We undertand as well as we do (perhaps not very well) in the life sciences how things work pretty much without those grand unifying principles you were emoting about. Except, of course, for evolution, which is both a fact and a simple general principle, as general as f=ma, and whose underpinnings are (given the current unpeavals in quantum gravity) rather firmer at the moment than those of gravity. The search for a theory of everything is the noblest human adventure; but to knock existing science from an Olympian perch, just because we don't have one yet, seems to be just slightly pretentious.


I responded - Fri Dec 12, 2003 9:43 pm - refused by moderator

Darwin's natural selection is indeed a fine principle. It is a sound and important mechanism that is well established. It's the source of the variety that is the problem. Darwin never accounted for mutations as the source of variety - he couldn't have, because, to begin with, it is unlikely that he had even heard of the ideas of his young continental contemporary, Mendel. At certain points in his career he even looked to Lamarckian adaptation to account for the source of variety. Applying mutations as the source of variety is clumsy and unscientific because it is fraught with very fundamental problems that have not been tackled in any serious manner of scientific rigor or analysis. More to the point, we are not being scientific enough.


Paul Gross - Fri, 13 Dec 2003 - refused by moderator

At this point, Paul Gross emailed me a surly response that was appropriately not posted to the EP list. As it was not published on the EP list, it would be inappropriate of me to publish this on my website, without Mr Gross' consent. Suffice it to say that Mr Gross concluded his rant by spitting the dummy with the comment "That is just nothing I care further to argue about." To this, I provided my response to the Evolutionary Psychology list, as follows.

I responded - Fri Dec 12, 2003 9:43 pm - refused by moderator

PRG has spat the dummy and doesn't want to play any more. I was hoping to explore some further problems with the life-sciences that he is so eager to defend. Oh well, perhaps someone else might like to contribute.


The following website has been taken from the Institute for Creation Research. The commonsense analysis of geneticist R.H. Byles speaks for itself, independently of any religion or agenda:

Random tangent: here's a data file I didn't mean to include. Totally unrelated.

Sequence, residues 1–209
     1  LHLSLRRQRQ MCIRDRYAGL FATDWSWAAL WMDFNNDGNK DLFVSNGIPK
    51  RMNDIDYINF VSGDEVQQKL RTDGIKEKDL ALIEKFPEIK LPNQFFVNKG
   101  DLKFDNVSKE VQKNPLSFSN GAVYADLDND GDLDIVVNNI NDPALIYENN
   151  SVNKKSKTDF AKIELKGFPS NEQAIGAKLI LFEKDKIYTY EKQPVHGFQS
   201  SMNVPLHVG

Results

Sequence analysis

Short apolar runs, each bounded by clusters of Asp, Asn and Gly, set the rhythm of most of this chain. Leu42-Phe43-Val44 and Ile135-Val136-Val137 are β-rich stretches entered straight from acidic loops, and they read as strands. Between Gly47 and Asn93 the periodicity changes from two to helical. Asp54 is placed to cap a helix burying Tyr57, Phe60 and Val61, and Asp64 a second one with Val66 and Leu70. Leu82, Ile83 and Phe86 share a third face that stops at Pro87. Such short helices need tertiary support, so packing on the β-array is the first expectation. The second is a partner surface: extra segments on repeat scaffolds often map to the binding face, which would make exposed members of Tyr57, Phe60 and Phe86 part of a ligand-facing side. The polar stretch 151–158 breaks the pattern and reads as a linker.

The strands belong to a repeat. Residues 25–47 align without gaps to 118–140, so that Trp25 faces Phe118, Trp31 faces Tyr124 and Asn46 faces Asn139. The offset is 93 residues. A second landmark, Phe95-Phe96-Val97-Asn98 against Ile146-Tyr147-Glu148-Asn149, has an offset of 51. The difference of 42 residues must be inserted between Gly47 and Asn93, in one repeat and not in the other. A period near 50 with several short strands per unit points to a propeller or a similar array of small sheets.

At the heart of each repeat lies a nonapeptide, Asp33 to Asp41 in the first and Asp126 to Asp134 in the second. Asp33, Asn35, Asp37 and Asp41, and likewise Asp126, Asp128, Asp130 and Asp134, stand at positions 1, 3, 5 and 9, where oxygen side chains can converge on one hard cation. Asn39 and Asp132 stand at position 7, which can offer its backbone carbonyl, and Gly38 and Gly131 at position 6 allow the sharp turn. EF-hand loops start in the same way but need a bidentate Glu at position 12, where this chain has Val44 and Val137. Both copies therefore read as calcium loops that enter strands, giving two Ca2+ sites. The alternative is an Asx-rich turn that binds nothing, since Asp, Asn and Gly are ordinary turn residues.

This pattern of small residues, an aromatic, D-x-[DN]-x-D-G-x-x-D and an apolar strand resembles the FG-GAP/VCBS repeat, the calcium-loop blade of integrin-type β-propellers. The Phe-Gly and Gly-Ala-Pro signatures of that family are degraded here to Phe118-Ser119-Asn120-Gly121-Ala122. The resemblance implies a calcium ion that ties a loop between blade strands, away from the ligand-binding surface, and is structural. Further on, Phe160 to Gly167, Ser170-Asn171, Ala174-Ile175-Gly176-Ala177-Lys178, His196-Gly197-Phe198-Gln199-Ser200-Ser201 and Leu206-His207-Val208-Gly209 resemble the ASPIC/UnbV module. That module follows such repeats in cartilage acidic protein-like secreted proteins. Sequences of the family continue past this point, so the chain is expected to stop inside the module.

Byles covers the sorts of things that should have occurred to many of us, as far as macro mutations are concerned. For example, the conflicts between mutation rates (back-mutation, forward-mutation, etc). Some of the sorts of questions that are relevant in this debate (macro AND micro mutations):

  1. Is the mutation rate volatile enough to enable change? Is it stable enough to maintain form and consistency?
  2. How significant must a change be, in order to impact on survival and thus, subject the organism to the influence of natural selection?
  3. Are the required states “logically inconsistent” - that is, can there be a mutation rate that satisfies the mix of stability and volatility required for evolution by mutation?
  4. Aren’t the vast, overwhelming majority of mutations, as an expression of the inexorable march of entropy, detrimental to survival and prone to inefficient formlessness, rather than efficient, purposeful form?
  5. Can evolution by micro-mutations occur if the changes aren’t significant enough to be noticed by natural selection, bearing in mind the organism’s very real capacity to adapt to minor limitations?
  6. How significant must a micro-mutation be before it swamps an organism’s motivation to adapt? And if a micro mutation is not significant enough, won't the equal likelihood of back-mutation annihilate any desirable, chance, positive increment?

And so on.

Byles’ analysis renders the whole notion of macro-evolution-by-mutation as simply impracticable. He provides a compelling argument against mutation as the source of variety in Darwinian natural selection.

I expect that a position on micro-evolution (evolution by micro-mutations) might be more difficult to prove, so I'll state my case here…. Micro-mutations will fail to provide the extent of variation required to enable natural selection to rank fitness. (Let us distinguish here between micro-mutations as random processes - mini mutations - versus the more gradual processes suggestive of Lamarckian type mechanisms). An organism’s will to survive will off-set micro variations and render them statistically insignificant. Not to mention genetic plasticity further complexifying matters.

The bottom line is, if mutations played a significant role in life processes, shouldn’t we expect our ecologies to be comprised of grotesquely deformed mutants - if they can live long enough - tending towards the disorganized formlessness of cancer, rather than the efficiencies and varieties ensuring survival, that we observe around us?